Vegetable Broth


Post by Molly

I know the holidays are in full swing when the amount of chopping, slicing, peeling, and grating in my kitchen just about matches the level of late night cookie consumption in my flannel pajamas. The great thing about this time of year is that weekly festive gatherings centered around food mean lots of scraps to be saved and transformed into a fine base for soup later.

Soup broth is one of those funny things that has the facade of being super complicated to make from scratch, when in fact it’s one of the easiest Tupp Ups you could think of. To make broth of any kind, all you need to do is save your food scraps — things like skins, stems, bones, or shells — and add them to a big pot of boiling water with a few staples like garlic, salt, and herbs.

While this recipe is vegetarian and uses the vegetables I had lying around, you can certainly use it as a baseline for whatever flavors best suite your needs. Making miso soup or mushroom risotto? Save your mushroom stems. Into cioppino? Save your clam shells, shrimp skins, and all of their juices. Want a simple broth for nearly any soup? Stick to the basics—celery, onions, and carrots, also known as a mirepoix. Some vegetables to steer clear of when making broth are beets (they die everything purple), parsley stems (they overpower), and sometimes brassicas (they can have a pungent smell). I used the ends of a head of cauliflower in this recipe, though, and the flavor was lovely.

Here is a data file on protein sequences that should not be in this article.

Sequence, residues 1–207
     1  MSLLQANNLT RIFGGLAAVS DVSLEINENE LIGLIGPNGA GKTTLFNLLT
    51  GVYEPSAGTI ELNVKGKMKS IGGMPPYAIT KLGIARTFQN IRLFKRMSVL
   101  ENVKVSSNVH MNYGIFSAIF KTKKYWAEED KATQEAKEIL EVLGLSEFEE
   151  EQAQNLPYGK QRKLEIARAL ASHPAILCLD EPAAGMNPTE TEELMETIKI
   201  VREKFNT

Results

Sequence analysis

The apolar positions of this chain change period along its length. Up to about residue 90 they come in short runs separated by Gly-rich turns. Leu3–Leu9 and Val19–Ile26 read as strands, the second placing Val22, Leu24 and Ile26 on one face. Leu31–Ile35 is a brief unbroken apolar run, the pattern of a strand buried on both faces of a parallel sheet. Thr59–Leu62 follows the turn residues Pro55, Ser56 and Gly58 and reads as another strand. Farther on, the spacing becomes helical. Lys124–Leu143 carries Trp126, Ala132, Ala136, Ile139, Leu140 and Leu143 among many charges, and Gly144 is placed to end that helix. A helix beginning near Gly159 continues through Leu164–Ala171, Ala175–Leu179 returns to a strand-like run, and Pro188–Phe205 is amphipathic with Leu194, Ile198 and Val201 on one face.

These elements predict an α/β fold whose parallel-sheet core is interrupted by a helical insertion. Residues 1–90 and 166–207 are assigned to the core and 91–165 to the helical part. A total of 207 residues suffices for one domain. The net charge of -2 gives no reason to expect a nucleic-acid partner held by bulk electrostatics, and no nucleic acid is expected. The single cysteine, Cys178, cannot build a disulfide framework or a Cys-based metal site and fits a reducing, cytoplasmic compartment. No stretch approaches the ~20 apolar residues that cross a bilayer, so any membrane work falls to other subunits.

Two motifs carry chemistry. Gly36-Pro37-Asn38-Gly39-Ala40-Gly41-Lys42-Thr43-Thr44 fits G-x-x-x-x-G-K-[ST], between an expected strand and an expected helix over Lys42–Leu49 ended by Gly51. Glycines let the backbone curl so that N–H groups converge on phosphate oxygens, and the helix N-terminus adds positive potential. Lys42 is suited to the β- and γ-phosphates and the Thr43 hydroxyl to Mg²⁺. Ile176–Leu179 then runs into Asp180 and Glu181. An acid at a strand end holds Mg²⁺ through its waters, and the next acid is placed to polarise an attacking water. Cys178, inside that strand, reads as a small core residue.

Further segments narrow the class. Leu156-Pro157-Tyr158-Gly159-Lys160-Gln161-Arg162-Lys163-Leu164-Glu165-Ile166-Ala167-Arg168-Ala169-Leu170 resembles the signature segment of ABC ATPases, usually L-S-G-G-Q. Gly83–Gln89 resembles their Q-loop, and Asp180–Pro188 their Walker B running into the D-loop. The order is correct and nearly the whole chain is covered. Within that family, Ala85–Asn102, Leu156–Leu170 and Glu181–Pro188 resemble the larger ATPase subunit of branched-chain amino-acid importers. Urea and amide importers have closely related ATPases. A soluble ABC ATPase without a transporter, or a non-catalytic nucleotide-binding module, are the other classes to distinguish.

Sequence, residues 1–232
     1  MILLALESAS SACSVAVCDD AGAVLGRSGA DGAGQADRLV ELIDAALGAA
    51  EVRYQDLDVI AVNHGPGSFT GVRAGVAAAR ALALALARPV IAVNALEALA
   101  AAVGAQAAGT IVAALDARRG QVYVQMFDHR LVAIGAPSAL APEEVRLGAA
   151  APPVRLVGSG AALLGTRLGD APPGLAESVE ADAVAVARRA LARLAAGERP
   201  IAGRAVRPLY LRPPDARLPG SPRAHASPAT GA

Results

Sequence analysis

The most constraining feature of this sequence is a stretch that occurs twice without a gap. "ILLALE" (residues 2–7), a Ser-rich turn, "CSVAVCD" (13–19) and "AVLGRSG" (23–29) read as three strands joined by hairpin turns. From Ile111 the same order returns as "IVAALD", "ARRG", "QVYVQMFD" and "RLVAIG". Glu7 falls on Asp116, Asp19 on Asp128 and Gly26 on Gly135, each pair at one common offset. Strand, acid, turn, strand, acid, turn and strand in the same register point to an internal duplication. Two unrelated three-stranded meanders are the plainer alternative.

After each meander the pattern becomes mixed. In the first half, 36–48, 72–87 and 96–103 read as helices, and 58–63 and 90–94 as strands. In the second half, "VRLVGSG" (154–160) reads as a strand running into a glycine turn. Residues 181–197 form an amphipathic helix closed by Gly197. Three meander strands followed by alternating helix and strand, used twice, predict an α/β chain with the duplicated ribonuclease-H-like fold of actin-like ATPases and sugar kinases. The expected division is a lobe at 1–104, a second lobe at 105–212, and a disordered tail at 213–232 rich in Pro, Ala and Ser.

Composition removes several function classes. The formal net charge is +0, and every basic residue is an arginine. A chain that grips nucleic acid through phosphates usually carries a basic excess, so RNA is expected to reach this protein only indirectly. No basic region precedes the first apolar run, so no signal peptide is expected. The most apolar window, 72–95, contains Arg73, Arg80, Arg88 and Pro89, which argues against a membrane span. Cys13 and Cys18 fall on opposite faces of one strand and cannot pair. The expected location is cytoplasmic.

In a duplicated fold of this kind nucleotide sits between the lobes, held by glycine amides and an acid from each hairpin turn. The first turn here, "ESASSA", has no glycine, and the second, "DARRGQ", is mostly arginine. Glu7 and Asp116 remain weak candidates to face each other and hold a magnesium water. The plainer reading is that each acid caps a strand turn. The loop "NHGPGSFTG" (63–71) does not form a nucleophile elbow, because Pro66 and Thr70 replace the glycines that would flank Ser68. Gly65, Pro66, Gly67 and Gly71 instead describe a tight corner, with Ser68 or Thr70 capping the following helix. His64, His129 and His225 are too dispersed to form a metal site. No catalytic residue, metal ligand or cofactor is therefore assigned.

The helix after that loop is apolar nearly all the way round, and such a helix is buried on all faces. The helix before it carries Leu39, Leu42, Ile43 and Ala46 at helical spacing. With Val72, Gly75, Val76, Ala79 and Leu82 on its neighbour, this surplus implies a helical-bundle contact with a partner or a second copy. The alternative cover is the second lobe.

Once I’ve made a large pot of broth, I like to ration it into jars or zip lock bags and place it in the freezer (make sure not to fill up the jars too full, or else they’ll crack). The broth will keep frozen for months and be at the ready for that dark, rainy, must-have-soup kind of night when leaving the house simply isn’t an option.

DSC_4009DSC_4026Prep: 10 mins / Cook: 2 hours / Makes: 4 quarts


  • Skin and scraps of 2 white onions
  • 6 green onions
  • 6 peeled carrots and skins
  • Scraps of one head of cauliflower
  • 1 cup mushrooms
  • 6 cloves garlic
  • 8 sprigs of thyme
  • 1 bay leaf
  • 2 Tbsp. salt (plus more to taste)
  • 2 tsp. whole peppercorns


  • Place all ingredients in a large pot filled with water.
  • Bring to a rolling boil.
  • Let simmer until the water is reduced by half, about 1.5-2 hours.
  • Strain all ingredients through a fine-mesh sieve.
  • Let cool completely and either use immediately or freeze for up to three months.